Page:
Obesity silent killer

Obesity, these days, has become regarded by many people as “silent killer”.

The global number of individuals who is suffering from weight problems in adult society is approximately 1.6 billion people (age more than 15 years) and at least 400 million of that are overweight.

Likewise, regarding global youth obesity, there are no less than 20 million children below 5 that either have overweight or, that can become obesity if their mothers and fathers don’t take the required steps. The projection of the WHO by the year 2015 is that roughly 2.3 billion adults could be fat and more than 700 million will be obese.

While globally, there have been noticeable increases in obesity prevalence rates over the last twenty years; the following figures indicate the alarming risk of weight problems with respect to certain North American & European countries.

Obesity in USA

Over two-thirds of adults in the United States are overweight or obese, and over one-third are obese, according to data from the National Health and Nutrition Examination Survey (NHANES) 2003–2006 and 2007–2008. According to the same estimate:

  • 68 percent of all adults in US are overweight
  • 64.1 percent of all women in US are overweight
  • 72.3 percent of all men in US are overweight

Similarly, according to the same statistics, over one-third of U.S. adults are obese which means:

  • 33.8 percent of all adults in US are obese
  • 35.5 percent of all women in US are obese
  • 32.2 percent of all men in US are obese

Obesity in UK

Within the UK, English obesity prevalence rates in adults have increased by three- to four-fold since the 1980s. The most recent available data from England and Scotland indicate obesity prevalence rates are similar in men and boys at 22 percent and 18 percent respectively. The obesity prevalence rate in Scottish women is 19 percent higher than in English women (26 percent compared to 21.9 percent). Among girls, the prevalence rate of obesity is 30 percent higher in England (18.1 percent) than in Scotland (13.8 percent).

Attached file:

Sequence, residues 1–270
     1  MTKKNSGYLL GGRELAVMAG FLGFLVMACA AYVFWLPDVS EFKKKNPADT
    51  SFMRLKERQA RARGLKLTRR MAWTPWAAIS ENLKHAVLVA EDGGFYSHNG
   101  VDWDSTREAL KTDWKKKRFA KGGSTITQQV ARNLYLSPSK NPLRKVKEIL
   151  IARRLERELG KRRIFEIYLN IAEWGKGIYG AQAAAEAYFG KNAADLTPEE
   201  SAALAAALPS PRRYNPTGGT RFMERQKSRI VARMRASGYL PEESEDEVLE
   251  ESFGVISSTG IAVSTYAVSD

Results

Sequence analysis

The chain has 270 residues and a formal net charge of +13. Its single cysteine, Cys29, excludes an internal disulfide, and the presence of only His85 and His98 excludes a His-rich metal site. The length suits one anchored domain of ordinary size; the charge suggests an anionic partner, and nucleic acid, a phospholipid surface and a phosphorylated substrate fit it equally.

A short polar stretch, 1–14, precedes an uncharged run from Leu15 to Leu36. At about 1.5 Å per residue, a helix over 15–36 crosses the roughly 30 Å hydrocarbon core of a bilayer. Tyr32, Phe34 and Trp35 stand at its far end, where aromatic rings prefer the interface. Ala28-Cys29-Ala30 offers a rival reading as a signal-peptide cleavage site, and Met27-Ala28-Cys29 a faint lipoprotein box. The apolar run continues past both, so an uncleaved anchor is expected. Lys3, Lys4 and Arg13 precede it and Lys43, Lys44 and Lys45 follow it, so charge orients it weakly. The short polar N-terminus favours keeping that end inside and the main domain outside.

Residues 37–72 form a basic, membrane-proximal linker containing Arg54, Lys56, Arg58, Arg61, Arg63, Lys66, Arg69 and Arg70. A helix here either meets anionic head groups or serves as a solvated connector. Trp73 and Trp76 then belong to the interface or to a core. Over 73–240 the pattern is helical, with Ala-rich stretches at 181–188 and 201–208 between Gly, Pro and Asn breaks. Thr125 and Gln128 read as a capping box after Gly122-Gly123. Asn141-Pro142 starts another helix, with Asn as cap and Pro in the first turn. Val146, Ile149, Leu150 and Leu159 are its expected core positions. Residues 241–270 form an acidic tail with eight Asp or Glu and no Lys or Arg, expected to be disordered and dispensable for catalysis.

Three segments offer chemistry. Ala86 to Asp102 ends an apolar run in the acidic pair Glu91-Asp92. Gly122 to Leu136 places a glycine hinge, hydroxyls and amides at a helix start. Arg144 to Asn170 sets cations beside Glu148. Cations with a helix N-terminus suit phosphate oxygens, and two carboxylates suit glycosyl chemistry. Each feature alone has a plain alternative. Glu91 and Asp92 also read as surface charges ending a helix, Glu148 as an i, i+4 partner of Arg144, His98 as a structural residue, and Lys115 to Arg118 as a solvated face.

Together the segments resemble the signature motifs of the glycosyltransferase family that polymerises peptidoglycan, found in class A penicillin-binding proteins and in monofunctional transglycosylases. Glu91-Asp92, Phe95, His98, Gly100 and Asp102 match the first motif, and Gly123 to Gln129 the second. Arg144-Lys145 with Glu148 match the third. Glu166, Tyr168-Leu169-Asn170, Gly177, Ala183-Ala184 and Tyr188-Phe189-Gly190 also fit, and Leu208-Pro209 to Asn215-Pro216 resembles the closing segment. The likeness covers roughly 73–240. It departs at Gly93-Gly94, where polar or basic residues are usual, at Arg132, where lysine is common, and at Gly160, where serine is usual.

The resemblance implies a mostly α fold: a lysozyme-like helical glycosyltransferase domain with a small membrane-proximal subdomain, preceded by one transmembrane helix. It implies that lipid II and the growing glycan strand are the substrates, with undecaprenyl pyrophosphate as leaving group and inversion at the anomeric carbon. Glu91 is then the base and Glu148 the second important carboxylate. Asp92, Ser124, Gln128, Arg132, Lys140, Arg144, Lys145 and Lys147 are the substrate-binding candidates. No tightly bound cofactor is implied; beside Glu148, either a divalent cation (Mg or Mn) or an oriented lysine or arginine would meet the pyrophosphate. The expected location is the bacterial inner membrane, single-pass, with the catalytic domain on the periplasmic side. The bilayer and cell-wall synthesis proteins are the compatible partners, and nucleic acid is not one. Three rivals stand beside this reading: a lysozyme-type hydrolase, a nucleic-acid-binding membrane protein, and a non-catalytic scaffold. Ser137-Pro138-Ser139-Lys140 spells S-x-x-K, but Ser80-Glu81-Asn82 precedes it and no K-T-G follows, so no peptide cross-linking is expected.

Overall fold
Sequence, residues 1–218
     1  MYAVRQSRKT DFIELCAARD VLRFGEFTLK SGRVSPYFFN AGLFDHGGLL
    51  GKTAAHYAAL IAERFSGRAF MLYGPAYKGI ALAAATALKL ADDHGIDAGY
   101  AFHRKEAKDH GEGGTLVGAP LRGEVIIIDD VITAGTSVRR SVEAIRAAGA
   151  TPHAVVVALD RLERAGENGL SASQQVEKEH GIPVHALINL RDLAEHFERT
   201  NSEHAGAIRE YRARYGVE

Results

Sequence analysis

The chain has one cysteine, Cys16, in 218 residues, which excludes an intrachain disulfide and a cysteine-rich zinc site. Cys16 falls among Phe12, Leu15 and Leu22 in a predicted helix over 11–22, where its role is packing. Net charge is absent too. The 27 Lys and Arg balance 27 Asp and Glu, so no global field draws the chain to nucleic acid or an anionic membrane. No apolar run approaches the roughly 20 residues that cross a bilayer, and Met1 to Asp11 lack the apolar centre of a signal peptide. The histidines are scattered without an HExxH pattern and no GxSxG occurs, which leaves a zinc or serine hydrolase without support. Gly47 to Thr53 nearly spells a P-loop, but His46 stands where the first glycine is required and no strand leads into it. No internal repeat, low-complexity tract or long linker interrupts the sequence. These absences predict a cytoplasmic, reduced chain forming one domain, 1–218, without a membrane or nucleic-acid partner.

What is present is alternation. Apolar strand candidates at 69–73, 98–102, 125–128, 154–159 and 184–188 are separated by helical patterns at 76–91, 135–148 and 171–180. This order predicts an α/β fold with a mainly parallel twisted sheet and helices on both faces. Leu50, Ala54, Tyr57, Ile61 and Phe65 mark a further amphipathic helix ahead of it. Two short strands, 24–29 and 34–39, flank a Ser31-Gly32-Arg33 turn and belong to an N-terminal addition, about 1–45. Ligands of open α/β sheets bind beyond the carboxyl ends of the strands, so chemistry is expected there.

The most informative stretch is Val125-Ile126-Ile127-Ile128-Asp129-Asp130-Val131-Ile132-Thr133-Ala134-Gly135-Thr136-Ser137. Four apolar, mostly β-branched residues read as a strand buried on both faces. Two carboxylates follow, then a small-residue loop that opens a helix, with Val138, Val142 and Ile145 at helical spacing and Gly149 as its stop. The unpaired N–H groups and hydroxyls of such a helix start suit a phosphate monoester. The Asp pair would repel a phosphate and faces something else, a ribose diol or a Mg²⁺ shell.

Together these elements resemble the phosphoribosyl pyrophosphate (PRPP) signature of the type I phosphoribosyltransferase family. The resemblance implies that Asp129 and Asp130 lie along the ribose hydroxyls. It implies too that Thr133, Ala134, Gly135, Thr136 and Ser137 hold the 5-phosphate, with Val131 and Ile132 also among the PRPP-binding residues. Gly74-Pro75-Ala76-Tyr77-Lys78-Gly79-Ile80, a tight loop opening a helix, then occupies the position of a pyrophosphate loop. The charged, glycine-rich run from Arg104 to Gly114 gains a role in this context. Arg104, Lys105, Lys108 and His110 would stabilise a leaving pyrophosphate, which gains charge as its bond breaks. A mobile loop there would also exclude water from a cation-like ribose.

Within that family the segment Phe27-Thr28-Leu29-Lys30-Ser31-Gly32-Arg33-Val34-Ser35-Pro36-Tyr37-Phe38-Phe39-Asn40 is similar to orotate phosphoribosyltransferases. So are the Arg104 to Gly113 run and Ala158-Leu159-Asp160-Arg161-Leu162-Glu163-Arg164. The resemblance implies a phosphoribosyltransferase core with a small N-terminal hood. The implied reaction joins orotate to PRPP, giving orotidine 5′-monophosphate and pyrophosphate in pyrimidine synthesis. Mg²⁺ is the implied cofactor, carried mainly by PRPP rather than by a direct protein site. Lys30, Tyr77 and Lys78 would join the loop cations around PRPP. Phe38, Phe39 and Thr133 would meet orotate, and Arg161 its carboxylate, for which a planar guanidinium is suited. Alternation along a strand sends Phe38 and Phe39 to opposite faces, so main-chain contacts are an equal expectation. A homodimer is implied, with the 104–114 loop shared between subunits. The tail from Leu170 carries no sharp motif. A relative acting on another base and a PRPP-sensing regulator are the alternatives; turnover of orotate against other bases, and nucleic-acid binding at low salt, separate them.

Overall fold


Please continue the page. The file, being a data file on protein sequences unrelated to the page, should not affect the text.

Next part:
Some of the biggest causes of the increasing obese population in high-income countries and nations include:

  • The global shift in diet towards increased intake of energy-dense-foods
  • The decreasing physical activity due to the increasingly sedentary nature of many types of work
  • Changing ways of transportation and increasingly urbanization
  • More dependency on fast food as daily meals

Moreover, these days is also significantly modifying the situation in low and middle income countries, specifically in urban settings, lead to the tendency to eat a lot more meals rich in fat as well as sugar and to the limited usage of sport and fitness facilities.

To put it briefly, it is obvious from the earlier discussion that obesity is now increasing almost as an epidemic with quickly developing rates notably between developed nations. Sad to say, healthcare drug treatment or surgical procedure has been unable to address the root reasons for obesity even among affordable society.